Goldman Sachs: It's time to increase the weight of money in the portfolios – Markets

Stock market investors have developed well in recent years, but money that now offers positive returns that are adjusted for inflation can be clever to reduce the risk of portfolios, says Goldman Sachs.

"Investors in different classes of assets are expected to hold equity exposure but increase the weight of money," Goldman experts said in a research published on Monday, November 19, quoted by Bloomberg. "For the first time in many years, liquidity will be a competitive class of assets against stock."

This recommendation reflects the impact of the increase in Federal Reserve interest rates, which has shifted the yields on money market bonds well above 2% – exceeding the inflation rate. Given that the Fed expects to raise interest rates by 0.25 percentage point in December and expects a further increase in 2019, "cash" may become more attractive. In relation to portfolio management, "cash" is a class of assets where money (liquidity) is, but also very short-term money markets and sovereign debt securities.

As far as stocks are concerned, investors should restructure their portfolios to increase the weight of those in defensive sectors such as public services, according to Goldman Sachs. The investment bank estimates that the US S & P500 will generate a "modest absolute yield below 10% next year" as slower revenue growth and economic growth slow down in 2018.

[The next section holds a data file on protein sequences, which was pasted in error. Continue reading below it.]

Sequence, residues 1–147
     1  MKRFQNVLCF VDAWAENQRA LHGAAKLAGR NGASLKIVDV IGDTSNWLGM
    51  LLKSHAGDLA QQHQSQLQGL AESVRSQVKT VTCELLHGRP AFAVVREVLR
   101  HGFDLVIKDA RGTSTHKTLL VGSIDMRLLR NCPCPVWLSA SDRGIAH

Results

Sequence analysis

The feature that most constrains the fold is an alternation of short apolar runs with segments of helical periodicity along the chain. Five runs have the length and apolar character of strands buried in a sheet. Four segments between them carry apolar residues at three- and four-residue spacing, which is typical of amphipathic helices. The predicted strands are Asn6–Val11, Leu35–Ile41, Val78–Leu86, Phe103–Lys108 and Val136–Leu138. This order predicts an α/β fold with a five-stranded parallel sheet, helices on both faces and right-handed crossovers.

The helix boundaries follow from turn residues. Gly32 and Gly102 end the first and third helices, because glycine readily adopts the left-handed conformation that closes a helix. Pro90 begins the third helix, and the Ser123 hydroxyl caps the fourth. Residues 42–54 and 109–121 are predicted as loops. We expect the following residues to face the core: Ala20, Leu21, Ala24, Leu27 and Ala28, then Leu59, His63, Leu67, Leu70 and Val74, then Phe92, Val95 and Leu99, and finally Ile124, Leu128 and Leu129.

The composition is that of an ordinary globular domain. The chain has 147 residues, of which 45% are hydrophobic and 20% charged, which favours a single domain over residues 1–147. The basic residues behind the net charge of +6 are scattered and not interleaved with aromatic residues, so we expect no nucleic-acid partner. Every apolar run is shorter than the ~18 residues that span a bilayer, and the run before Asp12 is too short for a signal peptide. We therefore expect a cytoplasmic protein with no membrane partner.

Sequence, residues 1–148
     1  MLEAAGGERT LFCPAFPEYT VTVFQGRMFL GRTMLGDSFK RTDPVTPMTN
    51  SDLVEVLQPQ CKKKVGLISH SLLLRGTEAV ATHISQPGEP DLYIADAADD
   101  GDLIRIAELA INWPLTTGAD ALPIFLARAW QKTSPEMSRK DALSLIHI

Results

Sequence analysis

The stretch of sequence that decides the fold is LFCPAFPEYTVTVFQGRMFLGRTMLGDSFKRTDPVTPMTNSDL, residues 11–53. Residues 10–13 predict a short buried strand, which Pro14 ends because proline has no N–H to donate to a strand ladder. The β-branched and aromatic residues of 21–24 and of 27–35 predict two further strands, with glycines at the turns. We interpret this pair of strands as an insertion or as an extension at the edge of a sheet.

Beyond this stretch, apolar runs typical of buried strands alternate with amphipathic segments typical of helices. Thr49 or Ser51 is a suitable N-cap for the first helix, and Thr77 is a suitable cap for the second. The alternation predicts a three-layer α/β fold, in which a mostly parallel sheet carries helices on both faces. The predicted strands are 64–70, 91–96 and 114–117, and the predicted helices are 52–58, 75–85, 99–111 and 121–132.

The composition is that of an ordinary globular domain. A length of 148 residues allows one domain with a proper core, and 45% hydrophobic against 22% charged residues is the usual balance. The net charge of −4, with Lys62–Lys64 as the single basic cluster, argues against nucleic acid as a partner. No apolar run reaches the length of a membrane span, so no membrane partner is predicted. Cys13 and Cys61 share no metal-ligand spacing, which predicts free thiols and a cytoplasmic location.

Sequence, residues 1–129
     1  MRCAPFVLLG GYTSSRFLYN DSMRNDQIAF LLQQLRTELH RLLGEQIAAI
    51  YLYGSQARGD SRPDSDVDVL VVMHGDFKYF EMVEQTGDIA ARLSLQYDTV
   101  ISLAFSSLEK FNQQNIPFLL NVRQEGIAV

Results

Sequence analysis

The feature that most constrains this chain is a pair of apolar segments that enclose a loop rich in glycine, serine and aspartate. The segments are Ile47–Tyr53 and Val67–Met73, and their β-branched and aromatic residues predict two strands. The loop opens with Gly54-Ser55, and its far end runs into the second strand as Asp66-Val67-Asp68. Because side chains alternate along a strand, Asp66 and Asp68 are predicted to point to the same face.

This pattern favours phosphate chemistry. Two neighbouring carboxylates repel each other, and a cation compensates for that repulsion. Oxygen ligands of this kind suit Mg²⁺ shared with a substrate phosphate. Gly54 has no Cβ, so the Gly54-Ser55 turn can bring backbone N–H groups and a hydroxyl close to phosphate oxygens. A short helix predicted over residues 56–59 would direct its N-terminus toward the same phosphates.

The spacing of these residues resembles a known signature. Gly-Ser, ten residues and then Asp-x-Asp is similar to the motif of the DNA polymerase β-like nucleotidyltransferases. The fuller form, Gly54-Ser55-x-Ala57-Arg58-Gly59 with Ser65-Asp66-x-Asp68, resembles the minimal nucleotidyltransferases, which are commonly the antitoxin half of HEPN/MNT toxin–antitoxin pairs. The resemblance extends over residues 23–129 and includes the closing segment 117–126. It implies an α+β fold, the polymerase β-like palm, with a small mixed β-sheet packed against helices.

US Securities Indexes, which reached their historic high in September, have been severely affected in recent weeks, mainly due to the negative performance of the technology sector, which has been responsible for the S & P500 drop since then. Concerns about tightening regulation, weakening demand for the iPhone, and weakening of the semiconductor business are factors behind the confusion of market sentiment, as well as business tensions and rising interest rates on the Fed. Nasdaq declined by more than 3% and the S & P500 declined by 1.7%. This Tuesday, both indices opened a session with losses of around 2%.


Central scenario with 50% probability – The S & P500 is closing at 2 850 points this year, which is the final value of Monday at 2 690.73 points. In 2019 it rose by 5% to 3,000 points.

Negative scenario with a probability of 30%
The risk of a recession in 2020 has a strong impact on investor sentiment, with the S & P500 ending at 2500 points in 2019.

A positive scenario with a probability of 20% Economic growth remains long and the S & P500 closes at 3400 points in 2019.

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